Facebook CEO Mark Zuckerberg has a new plan to improve privacy for users of Facebook and his company’s other apps. The social network, which once wanted to make the world more open and connected, now wants to shift focus to encrypted private communications across its messaging services and better protecting user data.
But Zuckerberg’s promises sound a lot like his previous ones to clean things up at Facebook. And he even he acknowledged that, after falling short so often, people may be fed up with his assurances.
“I understand that many people don’t think Facebook can or would even want to build this kind of privacy-focused platform — because frankly we don’t currently have a strong reputation for building privacy protective services, and we’ve historically focused on tools for more open sharing,” Zuckerberg wrote in a lengthy blog post on Wednesday.
This comes amid huge blowback against Facebook for its numerous privacy blunders over the past several years. For example, in January, Facebook was slammed for its research app that paid users, including teens, to try it out in exchange for their personal data. As a result, Apple banned the app from its platform.
Just a few months prior, Facebook was in the hot seat again for giving other technology companies, like Apple and Amazon, access to user data without specifically spelling out that it would. And earlier, Facebook came under fire after Cambridge Analytica harvested Facebook’s user data to influence the 2016 presidential election.
Following that firestorm, Zuckerberg said, “I know it takes longer to fix all these issues than we’d like, but I promise you we’ll work through this and build a better service over the long term.”
In his post on Wednesday, Zuckerberg said that Facebook has a lot more work to do, and that it’s “committed” to doing better. Sound familiar?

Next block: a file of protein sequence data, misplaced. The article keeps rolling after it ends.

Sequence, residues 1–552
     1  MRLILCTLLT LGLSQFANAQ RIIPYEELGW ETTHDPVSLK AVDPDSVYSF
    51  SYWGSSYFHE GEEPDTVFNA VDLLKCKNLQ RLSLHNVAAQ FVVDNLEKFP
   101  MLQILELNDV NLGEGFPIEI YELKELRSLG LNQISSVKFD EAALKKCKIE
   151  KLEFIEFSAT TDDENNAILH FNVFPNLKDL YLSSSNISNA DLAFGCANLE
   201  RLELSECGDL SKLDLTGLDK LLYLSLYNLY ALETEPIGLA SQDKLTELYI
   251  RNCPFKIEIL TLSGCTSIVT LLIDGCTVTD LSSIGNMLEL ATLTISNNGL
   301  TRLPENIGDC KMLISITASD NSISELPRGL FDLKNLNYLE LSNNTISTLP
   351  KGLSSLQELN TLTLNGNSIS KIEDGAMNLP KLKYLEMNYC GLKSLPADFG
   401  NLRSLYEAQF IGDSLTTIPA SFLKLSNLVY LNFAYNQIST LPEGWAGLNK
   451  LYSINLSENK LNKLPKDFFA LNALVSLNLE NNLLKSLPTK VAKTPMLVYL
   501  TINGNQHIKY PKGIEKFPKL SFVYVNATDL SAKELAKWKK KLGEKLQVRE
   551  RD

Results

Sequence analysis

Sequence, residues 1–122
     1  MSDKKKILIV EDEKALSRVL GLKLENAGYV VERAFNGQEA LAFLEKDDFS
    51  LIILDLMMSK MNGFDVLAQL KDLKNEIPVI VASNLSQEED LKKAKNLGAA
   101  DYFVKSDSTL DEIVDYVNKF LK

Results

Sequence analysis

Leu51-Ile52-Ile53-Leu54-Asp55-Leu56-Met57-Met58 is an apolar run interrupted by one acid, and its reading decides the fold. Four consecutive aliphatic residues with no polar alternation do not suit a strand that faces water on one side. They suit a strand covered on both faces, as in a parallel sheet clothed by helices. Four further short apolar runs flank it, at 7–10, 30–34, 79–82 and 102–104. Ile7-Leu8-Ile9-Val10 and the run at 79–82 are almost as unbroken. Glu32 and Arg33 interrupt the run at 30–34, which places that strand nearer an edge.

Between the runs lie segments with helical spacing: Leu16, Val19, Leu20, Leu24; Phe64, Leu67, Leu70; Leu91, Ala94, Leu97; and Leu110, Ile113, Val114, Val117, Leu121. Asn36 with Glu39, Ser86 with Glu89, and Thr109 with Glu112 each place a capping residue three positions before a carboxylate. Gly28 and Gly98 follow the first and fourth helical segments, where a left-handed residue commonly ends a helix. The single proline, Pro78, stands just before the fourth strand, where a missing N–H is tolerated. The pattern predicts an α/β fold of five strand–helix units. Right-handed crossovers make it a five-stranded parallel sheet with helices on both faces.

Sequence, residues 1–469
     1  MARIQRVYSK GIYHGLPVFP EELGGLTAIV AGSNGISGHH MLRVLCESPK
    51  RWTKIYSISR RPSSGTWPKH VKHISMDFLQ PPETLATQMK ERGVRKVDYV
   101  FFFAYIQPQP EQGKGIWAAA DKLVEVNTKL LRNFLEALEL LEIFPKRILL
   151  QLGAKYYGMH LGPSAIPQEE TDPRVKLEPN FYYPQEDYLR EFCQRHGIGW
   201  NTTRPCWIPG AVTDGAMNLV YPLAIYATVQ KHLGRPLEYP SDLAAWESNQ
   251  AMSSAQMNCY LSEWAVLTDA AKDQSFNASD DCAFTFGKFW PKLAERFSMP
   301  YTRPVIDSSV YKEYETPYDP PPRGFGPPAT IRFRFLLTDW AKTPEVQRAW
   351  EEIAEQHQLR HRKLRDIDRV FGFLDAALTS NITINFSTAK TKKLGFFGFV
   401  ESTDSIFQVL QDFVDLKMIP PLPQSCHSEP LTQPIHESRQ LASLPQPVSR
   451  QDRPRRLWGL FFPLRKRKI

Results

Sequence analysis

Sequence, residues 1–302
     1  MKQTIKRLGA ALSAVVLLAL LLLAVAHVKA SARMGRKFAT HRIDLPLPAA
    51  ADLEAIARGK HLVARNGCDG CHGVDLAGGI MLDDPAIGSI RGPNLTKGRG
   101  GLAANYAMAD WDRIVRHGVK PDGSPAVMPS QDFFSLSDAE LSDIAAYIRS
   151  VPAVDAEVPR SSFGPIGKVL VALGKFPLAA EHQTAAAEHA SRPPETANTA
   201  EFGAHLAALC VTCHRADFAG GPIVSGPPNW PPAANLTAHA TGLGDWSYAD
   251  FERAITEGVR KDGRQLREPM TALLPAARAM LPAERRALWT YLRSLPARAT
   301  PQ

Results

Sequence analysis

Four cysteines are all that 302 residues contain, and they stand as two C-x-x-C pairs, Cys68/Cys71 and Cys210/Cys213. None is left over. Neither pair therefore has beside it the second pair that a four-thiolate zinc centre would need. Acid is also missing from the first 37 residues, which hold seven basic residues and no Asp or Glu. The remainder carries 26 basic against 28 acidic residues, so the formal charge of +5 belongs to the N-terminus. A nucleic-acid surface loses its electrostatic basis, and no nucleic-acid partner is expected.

Lawmakers are well aware of Facebook’s privacy troubles and cite them as examples of why new federal or state regulations are needed. Federal legislators are considering new privacy laws while their counterparts in several states are doing the same or, like in California, have passed bills.
Some of what Zuckerberg is promising is for users to be able to securely communicate across messaging apps WhatsApp, Facebook Messenger, Instagram, and even text messages. All messages that users send would be encrypted and therefore indecipherable to hackers, Facebook employees, and law enforcement.
Zuckerberg also wants to give Facebook and Instagram users more control over how long a message, posts, and photo exists. For example, users could decide to make messages they send to others instantly disappear after being viewed or disappear after a set amount of time—which sounds very similar to rival Snapchat.
When it comes to storing user data, Zuckerberg says Facebook would not build data centers in countries with a track record of violating human rights like monitoring their residents online. In response, those countries may block Facebook, but it’s “a tradeoff we’re willing to make,” Zuckerberg wrote.
He added that Facebook is in the “early stages” of its latest privacy push, and that it’s “critical” for the company to get it right. “I believe we should be working towards a world where people can speak privately and live freely knowing that their information will only be seen by who they want to see it and won’t all stick around forever,” he said.
In the meantime, Zuckerberg hopes that users won’t defect—they haven’t following past problems—and that lawmakers won’t crack down. At minimum, he now has yet another to-do list that he can point to in promising that the future will be better.